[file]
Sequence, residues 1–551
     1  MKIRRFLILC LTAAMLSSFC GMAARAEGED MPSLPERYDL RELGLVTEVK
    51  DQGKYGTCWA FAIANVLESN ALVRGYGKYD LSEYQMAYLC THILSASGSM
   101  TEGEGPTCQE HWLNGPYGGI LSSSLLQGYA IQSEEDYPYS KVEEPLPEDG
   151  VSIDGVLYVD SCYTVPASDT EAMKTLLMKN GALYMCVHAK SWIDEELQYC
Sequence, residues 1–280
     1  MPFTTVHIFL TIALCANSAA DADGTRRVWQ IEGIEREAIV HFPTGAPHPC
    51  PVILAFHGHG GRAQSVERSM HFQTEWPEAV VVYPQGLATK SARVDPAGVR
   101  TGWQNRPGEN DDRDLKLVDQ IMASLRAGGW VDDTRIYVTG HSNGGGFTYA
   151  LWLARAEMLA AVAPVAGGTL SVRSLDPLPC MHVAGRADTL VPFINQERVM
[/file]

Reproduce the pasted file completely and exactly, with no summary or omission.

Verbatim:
Sequence, residues 1–551
     1  MKIRRFLILC LTAAMLSSFC GMAARAEGED MPSLPERYDL RELGLVTEVK
    51  DQGKYGTCWA FAIANVLESN ALVRGYGKYD LSEYQMAYLC THILSASGSM
   101  TEGEGPTCQE HWLNGPYGGI LSSSLLQGYA IQSEEDYPYS KVEEPLPEDG
   151  VSIDGVLYVD SCYTVPASDT EAMKTLLMKN GALYMCVHAK SWIDEELQYC
Sequence, residues 1–280
     1  MPFTTVHIFL TIALCANSAA DADGTRRVWQ IEGIEREAIV HFPTGAPHPC
    51  PVILAFHGHG GRAQSVERSM HFQTEWPEAV VVYPQGLATK SARVDPAGVR
   101  TGWQNRPGEN DDRDLKLVDQ IMASLRAGGW VDDTRIYVTG HSNGGGFTYA
   151  LWLARAEMLA AVAPVAGGTL SVRSLDPLPC MHVAGRADTL VPFINQERVM